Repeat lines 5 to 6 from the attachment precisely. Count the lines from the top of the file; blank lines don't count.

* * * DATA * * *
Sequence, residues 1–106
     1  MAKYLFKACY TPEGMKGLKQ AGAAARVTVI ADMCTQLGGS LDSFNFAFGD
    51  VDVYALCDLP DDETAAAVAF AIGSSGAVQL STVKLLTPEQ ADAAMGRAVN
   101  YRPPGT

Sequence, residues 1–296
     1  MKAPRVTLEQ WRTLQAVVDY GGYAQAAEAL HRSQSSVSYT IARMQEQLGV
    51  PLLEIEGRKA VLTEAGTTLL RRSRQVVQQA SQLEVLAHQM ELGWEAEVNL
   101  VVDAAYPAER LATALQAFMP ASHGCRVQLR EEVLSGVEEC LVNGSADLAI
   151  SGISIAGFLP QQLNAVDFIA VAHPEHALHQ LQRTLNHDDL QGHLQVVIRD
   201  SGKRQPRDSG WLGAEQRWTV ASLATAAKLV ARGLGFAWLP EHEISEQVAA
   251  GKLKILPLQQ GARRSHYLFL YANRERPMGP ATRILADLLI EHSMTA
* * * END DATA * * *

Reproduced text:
Sequence, residues 1–296
     1  MKAPRVTLEQ WRTLQAVVDY GGYAQAAEAL HRSQSSVSYT IARMQEQLGV